Forewarned to avoid slouching and chewing gum on camera, the U.S. Senate took a cautious first step into the television era yesterday with the start of a one-month trial of live, closed-circuit coverage of its proceedings.
The first reviews were decidedly mixed.
Senate Majority Leader Robert J. Dole (R-Kan.) called it the start of a "historic journey" and suggested that the inaugural debate -- on the fiscal 1987 budget -- might be so exciting it should be "X-rated."
But House Speaker Thomas P. (Tip) O'Neill Jr. (D-Mass.) was less impressed. After watching the first few minutes, devoted to speeches on Law Day, Passover, the economic summit, the nuclear arms race and former budget director David A. Stockman, he said, "It's unbelievable. You wouldn't believe there could be so much wind from so few people."
The wind had reached gale force within an hour or so, however, and it was aimed straight at O'Neill -- a theatrical warm-up, some suggested, for what may happen when the televised Senate goes public next month. With members of the House as his only outside audience, Dole took off after House Democrats for an earlier budget maneuver with a display of outraged innocence, righteous indignation and bold counterthrust that appeared aimed at boosting the Senate's ratings, politically if nothing else.
After months of fretting over whether television would undermine its institutional traditions, the Senate voted earlier this year to experiment with broadcasting its proceedings, starting with radio coverage in mid-March and in-house video tests over the past week.
The gavel-to-gavel closed-circuit coverage for the Capitol complex will last through May. On June 2, day-long coverage of the Senate will be made available to the public, carried in full by the cable television C-Span network and available for use by the larger networks. In mid-July, the Senate is expected to decide whether to continue television on a permanent basis.
The current operations are being conducted with leased equipment, including robot cameras of Japanese, British and French heritage that are operated from a control room in the basement of the Senate.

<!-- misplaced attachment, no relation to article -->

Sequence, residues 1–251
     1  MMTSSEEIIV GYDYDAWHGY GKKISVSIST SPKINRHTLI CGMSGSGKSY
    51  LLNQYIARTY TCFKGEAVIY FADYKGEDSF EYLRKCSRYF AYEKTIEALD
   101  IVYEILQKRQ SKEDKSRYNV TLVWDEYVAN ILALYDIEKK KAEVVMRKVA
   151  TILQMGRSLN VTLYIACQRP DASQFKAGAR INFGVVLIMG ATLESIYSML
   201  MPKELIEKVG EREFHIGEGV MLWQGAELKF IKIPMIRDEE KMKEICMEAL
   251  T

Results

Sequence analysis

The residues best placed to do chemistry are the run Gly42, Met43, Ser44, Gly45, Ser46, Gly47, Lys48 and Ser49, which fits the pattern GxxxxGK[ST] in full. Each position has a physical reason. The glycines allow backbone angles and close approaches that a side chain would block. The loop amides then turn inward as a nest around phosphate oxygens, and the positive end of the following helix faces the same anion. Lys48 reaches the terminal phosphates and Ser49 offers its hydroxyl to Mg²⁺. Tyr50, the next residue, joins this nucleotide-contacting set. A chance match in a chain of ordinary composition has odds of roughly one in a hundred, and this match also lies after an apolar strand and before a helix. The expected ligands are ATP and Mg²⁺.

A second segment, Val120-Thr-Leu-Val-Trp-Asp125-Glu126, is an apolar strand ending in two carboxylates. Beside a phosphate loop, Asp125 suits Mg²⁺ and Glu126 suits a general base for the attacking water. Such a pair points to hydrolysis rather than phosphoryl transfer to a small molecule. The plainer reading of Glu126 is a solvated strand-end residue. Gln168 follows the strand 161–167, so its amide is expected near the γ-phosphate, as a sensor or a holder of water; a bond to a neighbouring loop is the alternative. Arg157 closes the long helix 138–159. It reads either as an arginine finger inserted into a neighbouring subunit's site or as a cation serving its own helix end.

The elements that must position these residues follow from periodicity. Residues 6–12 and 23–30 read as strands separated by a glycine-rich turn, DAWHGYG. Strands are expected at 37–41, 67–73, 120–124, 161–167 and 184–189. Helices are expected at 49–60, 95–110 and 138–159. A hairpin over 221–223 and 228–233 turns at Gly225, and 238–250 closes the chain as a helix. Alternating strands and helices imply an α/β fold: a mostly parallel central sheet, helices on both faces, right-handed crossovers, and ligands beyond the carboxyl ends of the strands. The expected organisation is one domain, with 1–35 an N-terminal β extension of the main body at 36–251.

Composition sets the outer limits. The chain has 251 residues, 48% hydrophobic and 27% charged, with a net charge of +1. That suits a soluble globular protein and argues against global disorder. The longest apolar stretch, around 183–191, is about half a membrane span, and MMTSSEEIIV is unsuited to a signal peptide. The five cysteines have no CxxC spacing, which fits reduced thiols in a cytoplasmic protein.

Although the cameras swiveled around gracefully to focus on their targets, some of the stars of the drama had troubles with their scripts. Dole, for instance, forgot to turn on his microphone for several minutes at the start of the session.
But the Senate did find a way around one of its most difficult television problems -- what to do during an endless, boring quorum call, which is one of the Senate's most official-sounding, but least interesting, procedures. Because a quorum call is essentially a delaying tactic, during which the clerk calls the roll at foot-dragging pace, there is nothing to look at in the chamber. The solution: 46 minutes after the session opened, when the Senate fell into a quorum call, all a viewer saw was the message, "The Senate Is Conducting a Quorum Call" sprawled across a blank screen.
It was Dole who issued the fatherly advice to his colleagues to hold their heads up high (so the cameras could focus on faces rather than on balding domes) and "not to chew gum and things like that." Most of his flock took heed, looking marginally spiffier and more attentive than usual. Dole had already arranged for lecterns for himself and Minority Leader Robert C. Byrd (D-W.Va.) to help them keep a level eye on their audience rather than down at their desks.
It was also Dole who gave the final verdict on the Senate's television debut. "I'm not sure about the debate," he said, "but I'm advised we look good."